“Family Resources is who I’m riding for – it’s the charity that has the shelter that I was in when I was a kid,” says Noah. “So when I wanted to do this, that’s where I went. I said, ‘I was a kid here; will you guys help me facilitate this dream?’ And they have. They’ve been in contact with all the other group homes that I’m going to speak at. Logistically, they’re getting all of that taken care of for me.”
He’s also teamed with another non-profit, Comfort Cases (www.comfortcases.org), after its founder learned about Noah’s tour and reached out to see how he could assist.
“The founder was a foster kid when he was young. He gives speeches to kids in care and he came up with Comfort Cases to end trash bags – because when these kids are moved from home to home, a police officer comes in and puts the things that they care about in a trash bag. And what is more deflating to a kid that’s feeling rejected and unwanted, than to take the things they care about and throw it in a trash bag when they move them to the next place?” asks Noah. “So what he’s doing for kids is the same thing I’m talking about; to empower youth and make them feel like they matter.”
Comfort Cases will give a case to every youth at every group home Noah visits on his tour. In fact, cases are already being distributed; at group homes in Florida where Noah has been giving advance talks.
Noah’s says he’s thankful to Family Resources Inc. for letting him come out to speak with kids now, as a way to begin to embrace the emotional side of the work he’ll be doing when he’s on his bike tour. Compared to that emotional hurdle, Noah says the 2,000 miles he logged this summer, and the continuing training he’s doing to ready himself physically for the cross-country bike tour, is nothing.
“I feel like my biggest challenge is going to be the emotional toll; when I’m talking to kids that I really identify with their background. And I think that’s the hardest thing I’m trying to wrap my head around,” says Noah, who will give talks at three more group homes this week, when he travels to Florida for another visit.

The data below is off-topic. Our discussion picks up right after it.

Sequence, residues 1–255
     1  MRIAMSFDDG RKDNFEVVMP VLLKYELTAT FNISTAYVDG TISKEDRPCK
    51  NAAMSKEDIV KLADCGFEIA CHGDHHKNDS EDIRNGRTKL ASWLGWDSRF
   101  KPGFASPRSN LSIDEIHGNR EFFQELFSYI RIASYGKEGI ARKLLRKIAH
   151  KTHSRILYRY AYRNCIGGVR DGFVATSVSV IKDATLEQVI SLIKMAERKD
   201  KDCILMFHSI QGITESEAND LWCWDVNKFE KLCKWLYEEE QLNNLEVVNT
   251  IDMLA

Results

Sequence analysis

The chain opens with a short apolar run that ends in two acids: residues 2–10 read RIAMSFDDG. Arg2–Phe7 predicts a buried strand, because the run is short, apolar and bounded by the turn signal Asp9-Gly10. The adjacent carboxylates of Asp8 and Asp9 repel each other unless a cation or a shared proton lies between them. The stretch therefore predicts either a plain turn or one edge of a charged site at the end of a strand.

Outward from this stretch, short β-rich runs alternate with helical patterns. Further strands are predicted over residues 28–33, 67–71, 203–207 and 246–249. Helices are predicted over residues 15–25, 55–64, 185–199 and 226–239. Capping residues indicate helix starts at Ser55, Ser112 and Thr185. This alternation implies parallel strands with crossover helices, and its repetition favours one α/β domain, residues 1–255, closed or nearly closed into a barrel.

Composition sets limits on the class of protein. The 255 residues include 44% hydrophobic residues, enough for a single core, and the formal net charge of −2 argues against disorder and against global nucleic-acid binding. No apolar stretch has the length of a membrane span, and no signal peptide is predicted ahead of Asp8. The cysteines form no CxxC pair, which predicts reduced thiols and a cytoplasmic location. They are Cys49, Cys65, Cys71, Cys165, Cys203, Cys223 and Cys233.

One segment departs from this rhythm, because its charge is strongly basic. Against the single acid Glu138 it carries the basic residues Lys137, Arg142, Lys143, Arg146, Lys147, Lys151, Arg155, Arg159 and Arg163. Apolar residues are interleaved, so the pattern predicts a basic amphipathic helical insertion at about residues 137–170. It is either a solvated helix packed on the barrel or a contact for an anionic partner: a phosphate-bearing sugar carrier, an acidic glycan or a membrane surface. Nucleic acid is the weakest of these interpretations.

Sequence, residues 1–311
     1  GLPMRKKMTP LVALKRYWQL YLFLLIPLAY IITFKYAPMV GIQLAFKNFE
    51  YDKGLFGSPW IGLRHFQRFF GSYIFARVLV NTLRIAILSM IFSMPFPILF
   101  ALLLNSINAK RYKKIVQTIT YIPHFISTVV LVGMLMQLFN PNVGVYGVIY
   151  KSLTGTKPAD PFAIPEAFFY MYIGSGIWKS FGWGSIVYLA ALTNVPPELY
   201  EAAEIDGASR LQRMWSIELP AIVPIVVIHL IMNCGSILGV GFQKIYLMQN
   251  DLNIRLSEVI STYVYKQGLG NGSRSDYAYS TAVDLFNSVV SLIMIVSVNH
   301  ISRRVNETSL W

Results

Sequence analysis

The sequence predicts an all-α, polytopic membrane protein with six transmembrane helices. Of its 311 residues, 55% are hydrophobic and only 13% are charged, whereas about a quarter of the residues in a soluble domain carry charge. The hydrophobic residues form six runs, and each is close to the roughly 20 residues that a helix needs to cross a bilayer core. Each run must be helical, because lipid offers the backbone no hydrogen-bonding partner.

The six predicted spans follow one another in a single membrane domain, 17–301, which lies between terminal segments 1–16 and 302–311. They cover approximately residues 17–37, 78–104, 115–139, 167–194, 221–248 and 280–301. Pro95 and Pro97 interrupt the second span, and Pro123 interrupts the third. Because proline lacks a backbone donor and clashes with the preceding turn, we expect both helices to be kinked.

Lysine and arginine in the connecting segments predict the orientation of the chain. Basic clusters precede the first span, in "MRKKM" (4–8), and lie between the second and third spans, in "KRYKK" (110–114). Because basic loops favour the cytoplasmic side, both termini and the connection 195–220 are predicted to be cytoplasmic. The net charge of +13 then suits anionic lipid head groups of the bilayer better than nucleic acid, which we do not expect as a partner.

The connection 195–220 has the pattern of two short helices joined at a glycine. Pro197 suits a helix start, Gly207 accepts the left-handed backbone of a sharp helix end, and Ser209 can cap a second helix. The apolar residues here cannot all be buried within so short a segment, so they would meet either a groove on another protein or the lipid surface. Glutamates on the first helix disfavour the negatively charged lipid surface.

“I’m hoping, after that repetition, I’ll be able to handle my emotions better, and realize these kids got the message,” he says, adding, “And that meaningful message, when it comes from a stranger – when it comes from a person that you don’t think has relevance in your life; but they’re giving you the time, they’re giving you the feeling that you’re worthy – it just changes how you see yourself. I want them to think, ‘Well if this guy can do it; I should be able to do it.’ That’s exactly what we’re hoping for.”
On the Road
Once he gets on his bike in California and starts his tour to reach Florida, Noah says he’s anticipating riding in all weather.
“The mentality there is we’ll take it as it comes,” he says of himself and his two-man crew. “We can’t take sick days. We can’t take days off for rain. We just have to muscle through. I think it’s a small thing; compared to some of the things that some of the kids are going through. And I want to show them that, with perseverance, you can do it. The big statement is that, just like a rainy day on our bike ride, the situation that they find themselves stuck in, in this group home, is not their entire life. It’s a moment that they can get through, and they will get through, and they just need to try to find a positive way to get through it.”